Putting it positively, the Bible is designed to reveal our need for Christ and our need for the Gospel, and as we live for him and are guided by his inerrant, inspired book, we mature, and then our success, as well as our failure, reveals Christ, just as the success and failure of our heroes in Scripture does.

Let’s inspect Proverbs 24 today and see how this works. It’s very simple. You can either use these for simple self-improvement or you can take these principles and apply them to your heart and find new room for Christ there. You can be afraid of the consequences of ungodly living and so start applying the Proverbs out of fear, or you can start applying the Proverbs out of a desire for others to think you are spiritual, or you can apply them in such a way that reveals that Jesus is alive and well and matters in your heart and in your lifestyle and in your computer and bedroom and every part of your existence.

How do we do that? We read the negative Proverbs, warning us against sin, we ask, “How am I just like that?” And then we read it again and ask, “How is Jesus so sufficient, so marvelous, so awesome, that I never have to live and feel that way again?” Then true holiness happens, and we know it not primarily by our own feelings or experiences, but primarily because truth holiness is reflected in the law and the Gospel, in the assurances and the admonitions of Scripture. True holiness makes us more like Jesus, who, for the joy set before him, endured the cross.

Looking at our text today, notice as it was read that in this section of Proverbs, we don’t have couplets, but couplets of couplets, that should not be separated as we read them. Let’s look at one more section of this chapter.

Let’s look at Proverbs 24. Two sections that jumped out at me this week.

11 Rescue those who are being taken away to death;
    hold back those who are stumbling to the slaughter.
12 If you say, “Behold, we did not know this,”
     does not he who weighs the heart perceive it?
Does not he who keeps watch over your soul know it,
    and will he not repay man according to his work?

This is the traditional text used by a variety of pro-life ministries and Christian groups who reach out and try and help those who are in great danger. In our society, there are many activities and substances that can kill you. You can even die from doing nothing, just hanging out in your mother’s womb. I’m grateful we don’t have an abortion clinic in our community, but if we did, we could use this text to explain our Scriptural basis for it.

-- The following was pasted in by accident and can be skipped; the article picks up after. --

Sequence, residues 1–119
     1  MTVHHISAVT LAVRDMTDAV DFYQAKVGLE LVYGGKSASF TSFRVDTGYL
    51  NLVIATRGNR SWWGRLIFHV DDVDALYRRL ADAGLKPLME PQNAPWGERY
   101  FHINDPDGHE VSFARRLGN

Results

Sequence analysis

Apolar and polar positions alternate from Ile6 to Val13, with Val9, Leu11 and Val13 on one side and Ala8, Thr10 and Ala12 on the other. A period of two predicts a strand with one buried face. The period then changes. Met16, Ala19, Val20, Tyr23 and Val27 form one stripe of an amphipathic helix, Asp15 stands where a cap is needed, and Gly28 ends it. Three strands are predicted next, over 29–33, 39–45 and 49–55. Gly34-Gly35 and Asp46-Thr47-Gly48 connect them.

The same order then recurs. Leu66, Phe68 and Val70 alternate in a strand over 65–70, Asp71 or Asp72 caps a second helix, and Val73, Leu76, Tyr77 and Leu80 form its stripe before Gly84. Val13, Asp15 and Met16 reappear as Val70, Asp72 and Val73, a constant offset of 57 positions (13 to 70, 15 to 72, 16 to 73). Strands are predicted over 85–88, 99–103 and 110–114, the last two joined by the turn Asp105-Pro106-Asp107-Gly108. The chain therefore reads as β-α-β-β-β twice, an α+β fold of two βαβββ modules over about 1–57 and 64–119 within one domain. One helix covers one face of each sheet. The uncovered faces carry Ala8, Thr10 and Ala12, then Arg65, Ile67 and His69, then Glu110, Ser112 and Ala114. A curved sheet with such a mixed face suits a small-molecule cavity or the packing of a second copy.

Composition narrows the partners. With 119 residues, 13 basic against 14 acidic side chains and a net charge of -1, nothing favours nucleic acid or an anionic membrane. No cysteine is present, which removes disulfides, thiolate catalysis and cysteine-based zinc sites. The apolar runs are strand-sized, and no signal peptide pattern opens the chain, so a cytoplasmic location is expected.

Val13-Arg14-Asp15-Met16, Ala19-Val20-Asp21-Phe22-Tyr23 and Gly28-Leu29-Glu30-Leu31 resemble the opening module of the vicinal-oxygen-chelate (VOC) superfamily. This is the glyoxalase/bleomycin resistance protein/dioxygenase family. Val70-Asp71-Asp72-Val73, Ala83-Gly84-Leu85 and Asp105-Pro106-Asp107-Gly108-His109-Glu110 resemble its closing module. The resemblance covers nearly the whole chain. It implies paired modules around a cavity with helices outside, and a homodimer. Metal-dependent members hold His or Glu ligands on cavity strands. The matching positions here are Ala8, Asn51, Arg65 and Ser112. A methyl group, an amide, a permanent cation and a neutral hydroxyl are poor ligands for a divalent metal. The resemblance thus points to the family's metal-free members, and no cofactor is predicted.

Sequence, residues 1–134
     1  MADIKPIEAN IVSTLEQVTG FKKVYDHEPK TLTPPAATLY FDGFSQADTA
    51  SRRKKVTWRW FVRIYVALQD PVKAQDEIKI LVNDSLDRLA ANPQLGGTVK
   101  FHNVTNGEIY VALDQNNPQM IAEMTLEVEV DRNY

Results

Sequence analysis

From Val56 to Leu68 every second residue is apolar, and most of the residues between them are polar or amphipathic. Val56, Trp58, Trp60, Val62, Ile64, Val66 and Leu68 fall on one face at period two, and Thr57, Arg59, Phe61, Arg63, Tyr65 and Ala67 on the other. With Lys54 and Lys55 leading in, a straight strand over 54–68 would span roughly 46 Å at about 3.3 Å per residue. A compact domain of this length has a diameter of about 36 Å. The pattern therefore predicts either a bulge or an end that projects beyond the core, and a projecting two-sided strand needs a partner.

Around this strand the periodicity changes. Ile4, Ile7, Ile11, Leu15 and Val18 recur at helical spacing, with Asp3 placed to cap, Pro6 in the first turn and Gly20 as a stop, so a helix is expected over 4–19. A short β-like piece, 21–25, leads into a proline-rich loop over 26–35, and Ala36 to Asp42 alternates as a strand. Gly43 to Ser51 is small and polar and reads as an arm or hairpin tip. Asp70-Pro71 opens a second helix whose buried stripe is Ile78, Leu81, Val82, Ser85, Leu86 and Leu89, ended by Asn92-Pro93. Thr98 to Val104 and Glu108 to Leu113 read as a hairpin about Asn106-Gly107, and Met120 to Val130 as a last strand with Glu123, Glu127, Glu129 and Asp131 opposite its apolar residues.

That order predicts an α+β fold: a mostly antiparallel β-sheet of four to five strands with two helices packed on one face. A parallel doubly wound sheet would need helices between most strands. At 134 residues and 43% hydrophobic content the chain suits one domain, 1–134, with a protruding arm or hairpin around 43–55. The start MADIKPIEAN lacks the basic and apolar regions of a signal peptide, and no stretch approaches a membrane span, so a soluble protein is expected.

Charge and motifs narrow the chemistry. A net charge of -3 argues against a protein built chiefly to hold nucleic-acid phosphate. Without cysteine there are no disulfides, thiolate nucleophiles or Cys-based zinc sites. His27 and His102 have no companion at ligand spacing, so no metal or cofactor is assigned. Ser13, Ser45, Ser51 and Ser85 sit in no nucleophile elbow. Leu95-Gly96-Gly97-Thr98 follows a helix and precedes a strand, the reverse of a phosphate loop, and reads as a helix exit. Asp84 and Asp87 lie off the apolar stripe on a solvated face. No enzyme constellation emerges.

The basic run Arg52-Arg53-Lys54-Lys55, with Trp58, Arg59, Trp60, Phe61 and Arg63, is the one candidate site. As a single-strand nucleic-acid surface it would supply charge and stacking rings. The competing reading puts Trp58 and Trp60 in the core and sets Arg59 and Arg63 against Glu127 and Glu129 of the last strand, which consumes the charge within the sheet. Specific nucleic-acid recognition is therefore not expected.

In its context, we don’t know for certain what historical situation this is referencing. They didn’t have abortion clinics back them. But the first audience of Proverbs was young men, being trained as princes in the royal court of Solomon, and they would have learned a great deal of information and science and technology of the day. With that wisdom and knowledge, they could not turn their back on the covenant community who was suffering, and then claim they were ignorant—God knew that they did and did not know. If there is someone in this congregation who is destroying themselves thoughtlessly, and ignorantly endangering themselves and their family, then we have to say something, because part of being linked together by Christ means helping those around us who are in trouble.

But that level of the proverb could be practiced by a Buddhist; an atheist could read the proverb on that level, bring it down to his own circumstances, and benefit from it. But that “relaxes” the proverb, making it helpful, but not redemptive, not gracious. This surface reading of it does not reveal my sin or reveal my Christ.  

But let’s go to the heart of why God included this in the Proverbs. I ask the reader--How are you just like this? Think on this for a moment before you continue.

Let’s go deeper into the heart of why God included this: How is Jesus revealed here to us in this previous text? Think on this a moment before you continue.